A material gain for activewear

Wool stages a comeback against synthetics in clothes for outdoors

Health & Fitness

October 26, 2003|By Candus Thomson | Candus Thomson,Sun Staff

Scratch and sniff. That's the story of wool, yesterday and today.

The former is the old wool, the clothing of itchy necks, overheating and Michelin Man bulk.

The latter is the new one: soft as peach fuzz, toss it in the washer, odorless.

After a two-decade assault by the makers of synthetic materials, wool is making a comeback.

"What's old is new," says Pete Gilmore of Eastern Mountain Sports, a major outdoors outfitter. "Wool never totally went away, but it's coming back with a new spin."

That new spin is courtesy of New Zealand merino sheep, which generate a wool fiber that is less than one-third the diameter of a human hair. Merino wool fibers don't have the barbs of traditional wool fibers, which cause the prickly sensation we all learned to hate.

Companies that use merino wool won't discuss their processing techniques beyond the vaguest terms, but whatever it is they do creates a spun fiber that is machine-washable and doesn't shrink in dryers.

And unlike many synthetic fabrics that retain body odor like an aerobic workout room, wool doesn't make a stink.

"You can wear it base layer to outerwear," says Emily Walzer, fabric and fiber technology editor for Outdoor Business, a trade publication. "There's a natural fiber revolution going on, and organic is a big buzzword now."

Wool is a great insulator, with tremendous wind and water resistance (it's the lanolin). It's tough, and some damage is repairable.

At Outdoor Retailer, the twice-annual trade show held in Salt Lake City, clothing companies were as eager to show off their sheep as a farmer at a 4-H show.

Some companies, such as Pennsylvania-based Woolrich, never strayed from the flock. Others, such as Patagonia and Arc'Teryx, have augmented their synthetic line with wool sweaters. Then there are the companies such as Ibexwear, a Vermont clothing manufacturer, and Colorado's Smartwool that have decided to stake their futures on New Zealand wool.

"It's been an almost painless message," says Els Fonteyne of Ibexwear. "It's like, 'wool, remember us?' and people think, 'Why did we drop it in the first place?' "

The 6-year-old company not only makes winter clothing, it also uses a super-lightweight wool in its summer line that includes wool T-shirts, polo shirts and a bike short (also made with Lycra).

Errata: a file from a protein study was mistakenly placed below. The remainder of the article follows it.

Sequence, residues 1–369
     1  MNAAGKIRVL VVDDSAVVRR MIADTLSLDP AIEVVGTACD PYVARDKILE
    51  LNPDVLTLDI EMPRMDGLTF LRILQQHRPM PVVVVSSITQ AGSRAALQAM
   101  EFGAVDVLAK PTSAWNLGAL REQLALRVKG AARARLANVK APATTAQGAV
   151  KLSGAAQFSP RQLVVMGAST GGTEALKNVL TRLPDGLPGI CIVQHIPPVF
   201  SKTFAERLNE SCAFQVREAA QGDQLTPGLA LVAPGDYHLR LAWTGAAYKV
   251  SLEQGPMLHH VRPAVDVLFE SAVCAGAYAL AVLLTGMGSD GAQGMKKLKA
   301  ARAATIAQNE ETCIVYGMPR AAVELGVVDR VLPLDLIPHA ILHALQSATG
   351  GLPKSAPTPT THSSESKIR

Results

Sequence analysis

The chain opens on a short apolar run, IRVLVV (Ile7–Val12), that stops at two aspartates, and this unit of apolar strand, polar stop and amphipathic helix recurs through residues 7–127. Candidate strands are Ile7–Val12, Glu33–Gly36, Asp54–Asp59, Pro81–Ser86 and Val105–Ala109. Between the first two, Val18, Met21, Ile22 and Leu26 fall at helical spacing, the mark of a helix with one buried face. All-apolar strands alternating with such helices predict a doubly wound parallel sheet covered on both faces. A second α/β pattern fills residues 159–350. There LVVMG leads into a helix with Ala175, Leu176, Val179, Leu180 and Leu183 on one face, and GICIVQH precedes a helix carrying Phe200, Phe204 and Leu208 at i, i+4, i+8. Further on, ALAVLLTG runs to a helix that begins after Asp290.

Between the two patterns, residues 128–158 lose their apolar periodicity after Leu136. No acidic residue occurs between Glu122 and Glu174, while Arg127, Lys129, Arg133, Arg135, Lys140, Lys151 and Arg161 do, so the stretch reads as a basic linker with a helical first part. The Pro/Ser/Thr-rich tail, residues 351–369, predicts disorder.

"It's durable, breathable, sustainable. It can be knitted, woven or felted," Fonteyne says. "It keeps you warm when it's cold and cool when it's hot. Who knew?"

The synthetic rise

The public's drift to plastic-based fibers began in the mid-1970s, when Helly Hansen rolled out LIFA underwear made of polypropylene. In 1981, Malden Mills added Polartec fleece to the plastic arsenal.

Retail clothing outlets from L.L. Bean to Lands' End quickly embraced the new materials. "Polypro" and fleece were followed by CoolMax, Capilene and a laundry list of other man-made fibers.

The synthetic manufacturers went on the offensive, depicting natural fibers as inconvenient and, in some cases, dangerous. Athletes and hikers were warned that wet cotton clothing wicked away body warmth, which could lead to hypothermia. "Cotton kills," became the anti-natural message, and wool was somehow implicated.

Gardner Flanigan, a spokesman for Smartwool, admits wool clothing manufacturers "didn't do a good job of marketing against synthetics. DuPont and others made people believe they can't live without synthetics."

But the synthetics have their own dark side, and you can smell it a mile away. Plastic fibers wick sweat away from skin, and while the moisture evaporates, the malodor lingers.

In 2001, some Montana State University students wore shirts, half made of merino wool and the other half made of synthetics, during a five-day backpack in the Beartooth Mountains. They didn't change or wash the tops.

When they returned, they took their shirts to the research lab, where engineers looked at the bacteria colonies that took up residence in the fibers. Wool won not only under the microscope, but as the Bozeman Daily Chronicle quoted senior research engineer Ryan Jordan, "The difference in odor between the two sides was amazing."

Wool gets smarter

Walzer, the fiber technology editor, says clothing manufacturers who use wool have gotten smarter, designing "Euro-stylish garments that can be used on the ski slopes and worn later into town for dinner."

Fonteyne of Ibexwear agrees. "We're getting into the design of it more. People want to be warm, but they want to look good, too. For our women's line, we've made clothes more feminine, so you don't look like Ms. Boxy Woman."

Of course, wool isn't without its problems. For one thing, clothing made from merino wool is about 30 percent more expensive. Cheaper grades of wool remain, somewhat blurring the differences between the itchy stuff and merino. But most manufacturers who use merino wool trumpet the fact, reducing the chance that consumers will have the wool pulled over their eyes.

And fleece retains its cuddly reputation.

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